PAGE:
We frequently receive entries from Western Australia but this month our entries were from both the west and the east. Allen Jennings entered a Calanthe triplicata (Christmas Orchid) from New South Wales. Pauline Meyer’s was from the west, (Western) Flying Duck Orchid, Paracaleana nigrita. The other entries were South Australian, Jenny Pauley’s recently photographed Leporella fimbriata (Fringed Hare Orchid), Greg Sara’s Thelymitra rubra (Common Pink Sun Orchid) and Judy Sara’s Plumatochilos sp. (Bearded Orchid) and Arachnorchis sp. (Spider Orchid).
The winning photograph was Judy’s Spider Orchid. Obviously it was one of the Green Comb Spider Orchids – A. dilatata complex. Of this group there are about a dozen possibilities. Knowing the location, Mt Boothby, helped to narrow the options with the most likely candidate being Arachnorchis stricta but it wasn’t convincing. It would appear that the tips of the sepals may have been chewed off when in bud.
A distinguishing feature of this species is that there are no clubs or osmophores on the sepals. Other species of this complex have clubs. Another feature is that the dorsal sepal is bent over the column unlike many other green combs which have an erect dorsal sepal. The features that caused doubt were lateral sepals looking droopy instead of being characteristically stiffly held out but dry conditions could cause this. The other was that the labellum did not strictly fit the description of A. stricta but then again it is a variable species.
The conclusion was a possible hybrid but there is no information on the likely parents or that is an atypical A. stricta that may have been damaged in bud.
This is an example of the difficulties that can occur when attempting to identify a plant from one photograph.
Personal communications Thelma Bridle (NOSSA Conservation Officer)
Personal communications Bob Bates
Bates, R. J., ed. (2011). South Australian Native Orchids. Electronic version, 2011. NOSSA
Rules of entry:
The subject matter must have something to do with Australian orchids. Any format is acceptable including Photo shopped images, artwork, etc
How to enter:
Email firstname.lastname@example.org – jpg as large as you are able to send it, preferably A4 ratio for printing
Post: PO Box 565, Unley, 5061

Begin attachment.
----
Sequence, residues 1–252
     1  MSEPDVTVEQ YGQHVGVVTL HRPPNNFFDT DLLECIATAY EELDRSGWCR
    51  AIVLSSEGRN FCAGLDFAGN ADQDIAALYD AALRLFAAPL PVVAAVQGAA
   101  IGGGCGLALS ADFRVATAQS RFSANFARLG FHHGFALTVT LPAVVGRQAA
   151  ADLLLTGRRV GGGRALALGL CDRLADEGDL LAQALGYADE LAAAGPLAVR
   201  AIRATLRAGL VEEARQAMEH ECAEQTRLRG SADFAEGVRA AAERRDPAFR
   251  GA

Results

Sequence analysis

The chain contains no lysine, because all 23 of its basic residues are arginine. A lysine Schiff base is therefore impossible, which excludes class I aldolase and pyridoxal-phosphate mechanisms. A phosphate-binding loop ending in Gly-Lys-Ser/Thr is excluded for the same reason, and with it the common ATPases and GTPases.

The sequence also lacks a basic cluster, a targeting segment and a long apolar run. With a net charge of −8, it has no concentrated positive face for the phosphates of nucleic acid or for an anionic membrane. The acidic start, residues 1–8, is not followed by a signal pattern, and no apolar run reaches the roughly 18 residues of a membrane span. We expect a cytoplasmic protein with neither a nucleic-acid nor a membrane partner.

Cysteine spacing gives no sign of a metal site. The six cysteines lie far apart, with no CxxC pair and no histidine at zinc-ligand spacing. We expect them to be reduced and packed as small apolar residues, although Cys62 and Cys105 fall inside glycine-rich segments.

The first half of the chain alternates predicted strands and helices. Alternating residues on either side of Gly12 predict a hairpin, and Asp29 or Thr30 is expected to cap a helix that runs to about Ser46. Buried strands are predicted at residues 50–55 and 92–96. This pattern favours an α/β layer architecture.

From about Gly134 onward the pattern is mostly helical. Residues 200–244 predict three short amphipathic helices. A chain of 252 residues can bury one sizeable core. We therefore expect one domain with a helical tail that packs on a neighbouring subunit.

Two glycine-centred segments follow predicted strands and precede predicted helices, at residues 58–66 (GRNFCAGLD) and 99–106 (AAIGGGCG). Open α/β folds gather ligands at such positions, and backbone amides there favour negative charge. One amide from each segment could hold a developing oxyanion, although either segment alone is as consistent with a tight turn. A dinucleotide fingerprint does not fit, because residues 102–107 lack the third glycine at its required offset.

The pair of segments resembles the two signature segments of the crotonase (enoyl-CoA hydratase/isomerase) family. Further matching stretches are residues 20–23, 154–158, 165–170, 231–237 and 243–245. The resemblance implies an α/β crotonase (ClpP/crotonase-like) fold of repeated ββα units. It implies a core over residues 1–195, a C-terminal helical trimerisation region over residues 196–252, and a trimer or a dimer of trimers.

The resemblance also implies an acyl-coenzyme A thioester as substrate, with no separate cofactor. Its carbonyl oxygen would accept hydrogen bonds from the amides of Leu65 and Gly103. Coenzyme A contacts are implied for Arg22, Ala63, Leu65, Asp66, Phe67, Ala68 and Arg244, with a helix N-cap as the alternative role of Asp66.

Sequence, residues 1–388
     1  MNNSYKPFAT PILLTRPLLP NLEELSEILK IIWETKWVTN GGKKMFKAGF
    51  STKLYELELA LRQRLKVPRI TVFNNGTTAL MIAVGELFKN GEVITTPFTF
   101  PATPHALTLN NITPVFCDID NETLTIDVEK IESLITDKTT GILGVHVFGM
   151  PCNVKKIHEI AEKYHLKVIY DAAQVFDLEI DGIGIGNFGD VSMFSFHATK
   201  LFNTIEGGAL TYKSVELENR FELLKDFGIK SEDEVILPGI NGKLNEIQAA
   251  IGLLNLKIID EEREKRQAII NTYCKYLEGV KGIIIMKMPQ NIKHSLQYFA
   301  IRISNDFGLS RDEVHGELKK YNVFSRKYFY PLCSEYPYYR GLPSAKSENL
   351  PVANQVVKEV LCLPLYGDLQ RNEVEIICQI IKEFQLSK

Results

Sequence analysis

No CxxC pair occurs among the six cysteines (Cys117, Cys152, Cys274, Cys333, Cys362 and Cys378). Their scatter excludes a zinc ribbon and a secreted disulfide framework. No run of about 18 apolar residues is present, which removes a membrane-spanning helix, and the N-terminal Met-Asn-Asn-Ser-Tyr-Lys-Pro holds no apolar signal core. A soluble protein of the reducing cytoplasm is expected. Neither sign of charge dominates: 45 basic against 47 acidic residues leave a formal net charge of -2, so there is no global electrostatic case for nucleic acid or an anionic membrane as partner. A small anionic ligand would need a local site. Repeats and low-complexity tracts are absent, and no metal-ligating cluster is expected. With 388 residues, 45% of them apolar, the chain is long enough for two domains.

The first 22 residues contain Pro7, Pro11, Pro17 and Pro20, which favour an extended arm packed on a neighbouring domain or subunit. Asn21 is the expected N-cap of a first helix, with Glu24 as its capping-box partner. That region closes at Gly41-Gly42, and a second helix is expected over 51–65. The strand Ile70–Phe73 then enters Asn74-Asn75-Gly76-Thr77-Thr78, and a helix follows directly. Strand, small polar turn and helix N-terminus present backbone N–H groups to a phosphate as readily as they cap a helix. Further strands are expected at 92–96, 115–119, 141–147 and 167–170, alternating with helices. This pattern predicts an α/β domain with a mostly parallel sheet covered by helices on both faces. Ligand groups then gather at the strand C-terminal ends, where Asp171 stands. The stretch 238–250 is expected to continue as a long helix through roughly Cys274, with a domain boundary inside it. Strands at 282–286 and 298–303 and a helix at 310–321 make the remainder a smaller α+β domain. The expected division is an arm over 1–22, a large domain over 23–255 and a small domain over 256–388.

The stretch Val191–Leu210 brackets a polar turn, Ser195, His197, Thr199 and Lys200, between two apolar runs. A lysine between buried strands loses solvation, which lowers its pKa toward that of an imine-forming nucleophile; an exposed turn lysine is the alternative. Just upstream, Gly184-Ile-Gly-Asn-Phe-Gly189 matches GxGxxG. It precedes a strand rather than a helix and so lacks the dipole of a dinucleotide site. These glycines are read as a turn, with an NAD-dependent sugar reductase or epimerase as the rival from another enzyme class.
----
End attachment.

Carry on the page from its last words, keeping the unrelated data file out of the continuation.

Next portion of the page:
Bring in to the meeting
This week, a local radio station introduced a segment with the phrase “our rarest sun orchid” and that it was called Thelymitra irregularis or Spotted Pink Sun Orchid. However it certainly is not our rarest sun orchid.
True, it is not common, but that is partly because it is a hybrid and, correctly speaking, the name should be written as Thelymitra x irregularis (the “x” indicates that it is a hybrid).
For a hybrid to occur, the two parent species need to grow in close proximity, the flowers need to open at the same time that the pollinator is visiting flowers, either to collect or to deposit the pollen and, in the case of self pollinating species, before the individual flower has pollinated itself.
The majority of hybrids are sterile, but occasionally some are fertile. When hybrids occur the majority will only last a few years before disappearing although sometimes colonies are formed which may last for decades. Hence, it is not usual to name hybrids, but the more common and recurring ones have been named formally. T. x irregularis is one of them.
Several species of Thelymitra have been proposed as parent species of Thelymitra x irregularis. Jeanes & Backhouse (2006) give T. ixioides and T. carnea as parents; Weber & Entwisle (1996) and Jones (2006) suggest T. ixioides and T. carnea and/or T. rubra; Bates & Weber (1990) state that in South Australia the parents are T. ixioides and T. rubra, but T. ixioides and T. carnea in the Eastern states; in contrast, Bates (2011) states that in South Australia it is a hybrid between T. juncifolia and T. rubra. However, without detailed genetic studies or breeding experiments these all remain suggestions.
Due to the transient nature of hybrids and the conditions needed to produce them, the named hybrids are not common, but since the 1890s specimens of Thelymitra x irregularis have been collected in every decade, which suggest that this hybrid readily occurs. The 71 specimens held in the Australian herbaria have been collected from four states – which gives a good indication of the distribution but not necessarily the frequency of occurrence. See Australia’s Virtual Herbarium (AVH) for details. The AVH lists 12 herbarium records for South Australia with specimens collected from the Adelaide Hills, the Barossa Valley, Kangaroo Island and near Naracoorte.
The botanical name “irregularis” refers to the description of the column. With many sun orchids, it is often necessary to observe the column to distinguish one species from another. In this instance the top of the column is irregularly toothed. Retired Aussie has some very good photographs with one in particular showing the column detail.
Thanks to Juergan Kellermann, State Herbarium of South Australia for his help with this post.
Bates (2011). South Australia’s Native Orchids. DVD-ROM
Bates & Weber (1990). Orchids of South Australia.
Jeanes & Backhouse. Wild Orchids of Victoria, Australia
Jones (2006), Native Orchids of Australia, 2nd edn.
Weber & Entwisle (1996). Thelymitra. In: Flora of Victoria, Vol 3.
Australia’s Virtual Herbarium accessed 24th September 2014